Lifestyle features

Recipe for seduction

By Simon Round, February 12, 2009

What are the essentials for seducing a man? A splash of expensive perfume, perhaps? A little black dress? Seductive body language? Well, according to author Penny Lewis, it is none of the above. What you need is a nice piece of steak, a tomato and a spud.

Lewis, with co-writer Sarah Lockett, has written The Dish, which is intended to show women how to incorporate food in a strategy to win men over. You should cook for your date, she feels, but don’t go making elaborate soufflés or that perfect sauce hollandaise — because the key to success is simplicity.


I came, I saw, I haggled; and then I paid full price

By Alex Kasriel, February 5, 2009

I’m standing in Carmelli bakery in Golders Green smiling sweetly at the good-looking man behind the counter, trying to persuade him to give me some money off the price of two medium challahs.

“You mean, you don’t do anything like buy one, get one half-price. Or anything else?” I ask hopefully, knowing that buying two is actually what is expected.

“No,” he says.

“Oh, go on,” I say, uncomfortably.

“I can’t. I’m sorry.”

“What about if I get one big one for less?”

“I’m sorry, I can’t give you a discount.”


Do the Hokey Cokey? So that’s what it’s all about

By Alex Kasriel, January 29, 2009

‘You put your left foot in, your left foot out; in out, in out, shake it all about.” The words may be familiar, but for many Catholics, the Hokey Cokey is reviled as an anti-Papist song written by Puritans in the 18th century which has been an expression of sectarian hatred ever since.

The song was the subject of a controversy as recently as last month when the Protestant fans of Glasgow Rangers football club were banned from singing it at Celtic Park, the home ground of their bitter Catholic rivals, Celtic.


PR guru’s work-life message

By Alex Kasriel, January 22, 2009

The idea of doing the dusting while listening to newspaper podcasts in order to spend time more productively might seem like multi-tasking gone mad. But that is what self-confessed serial networker and public relations supremo Julia Hobsbawm recommends in her new book, The See Saw: 100 Ideas for Work-Life Balance.


The Anglican priest who had a bris

By Alex Kasriel, January 15, 2009

The vicar of Putney has an uncomfortable feeling that his son should have had a bris.

The Reverend Dr Giles Fraser, a regular contributor to BBC Radio 4’s Thought For The Day, has two girls and a boy with his Scandinavian wife, Sally. So far, so normal, except for the fact that his father is Jewish and he himself was circumcised.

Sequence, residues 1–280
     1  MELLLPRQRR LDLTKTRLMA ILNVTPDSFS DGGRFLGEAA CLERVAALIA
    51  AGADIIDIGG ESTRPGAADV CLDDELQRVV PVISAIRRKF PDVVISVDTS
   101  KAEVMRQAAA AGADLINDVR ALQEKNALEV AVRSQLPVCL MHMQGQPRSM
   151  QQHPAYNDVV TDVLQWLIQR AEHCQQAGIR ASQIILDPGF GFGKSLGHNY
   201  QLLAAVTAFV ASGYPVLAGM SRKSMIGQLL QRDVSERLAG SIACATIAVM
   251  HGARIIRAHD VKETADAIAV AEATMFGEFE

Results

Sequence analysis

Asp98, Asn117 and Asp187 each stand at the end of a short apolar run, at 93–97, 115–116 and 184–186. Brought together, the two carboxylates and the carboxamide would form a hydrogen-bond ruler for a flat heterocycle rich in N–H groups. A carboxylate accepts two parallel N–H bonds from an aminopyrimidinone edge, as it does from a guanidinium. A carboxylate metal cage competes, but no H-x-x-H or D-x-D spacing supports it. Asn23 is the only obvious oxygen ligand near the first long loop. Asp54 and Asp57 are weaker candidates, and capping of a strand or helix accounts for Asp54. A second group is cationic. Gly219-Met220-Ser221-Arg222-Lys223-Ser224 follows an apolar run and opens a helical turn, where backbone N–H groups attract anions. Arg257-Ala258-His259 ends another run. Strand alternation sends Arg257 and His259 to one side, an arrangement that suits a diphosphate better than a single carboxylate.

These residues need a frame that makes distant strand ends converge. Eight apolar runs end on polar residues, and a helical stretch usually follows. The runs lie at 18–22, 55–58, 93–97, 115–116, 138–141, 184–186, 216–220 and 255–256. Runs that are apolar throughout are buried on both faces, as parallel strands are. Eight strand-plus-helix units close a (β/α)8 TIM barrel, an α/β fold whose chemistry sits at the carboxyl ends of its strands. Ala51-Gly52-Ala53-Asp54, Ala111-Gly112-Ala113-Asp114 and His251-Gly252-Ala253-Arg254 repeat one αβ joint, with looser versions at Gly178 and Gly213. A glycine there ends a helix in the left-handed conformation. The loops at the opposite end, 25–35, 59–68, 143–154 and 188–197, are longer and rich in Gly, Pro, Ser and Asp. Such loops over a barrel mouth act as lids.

Writing on the wall for kosher eateries?

By Simon Round, January 14, 2009

One of the scariest statistics for restaurateurs over the past few weeks must have been the rise in the sales of televisions. People hit by the recession are planning to stay in a lot more in 2009, and are sorting out their domestic entertainment accordingly. When finances are tight, people start to cut back on going out - and that includes visiting restaurants. So is the kosher dining industry, which has always struggled with high costs and consequently higher prices, about to feel the chill of the economic downturn?


How to enjoy Xmas the Jewish way

By Alex Kasriel, December 23, 2008

So the rest of the country may be eating turkey, pulling crackers and singing carols. But what are Jews doing on Christmas Day? While there are plenty who join in the fun — up to a point — others feel more comfortable doing something else. Whether it’s working, learning, volunteering or playing, here are just some Jews who have found plenty of Yuletide distraction.

The Doctor


How to have a very kosher Christmas

By Bernard Josephs, December 23, 2008

It’s that time of year again, a season that raises the perennial question: what are we to do about Christmas? While our non-Jewish neighbours, despite the credit crunch, are busily stocking their freezers with all manner of exotic goodies, buying up crates of wine and beer and donning Santa outfits, should we restrict ourselves to dull, everyday menus brightened only by re-runs of Morecambe and Wise?


How to Calm a Challenging Child

By Roma Felstein, November 27, 2008

Israeli-born family psychotherapist and parenting consultant Miriam Chachamu has some wise words for parents who find it hard to relinquish control of their children. "Your children are not your children. They are the sons and daughters of Life's longing for itself. They come through you but not from you."

They are not her words, but come from the 20th-century Lebanese writer and philosopher Khalil Gibran.

Nevertheless they sum up for her "one of the fundamental principles of parenting - nurturing but letting go".


How bad will it get for homeowners?

By Simon Round, November 27, 2008

Eighteen months ago, amid the first whispers that property was heading for a downturn, the JC conducted a major survey on the state of the market. We asked finance experts, economist and property professionals where the market was going. The majority gave bland assurances that property values would remain stable or continue to rise. A couple said that there could be minor "corrections", but only three warned of the kind of crash we have experienced in the past 12 months.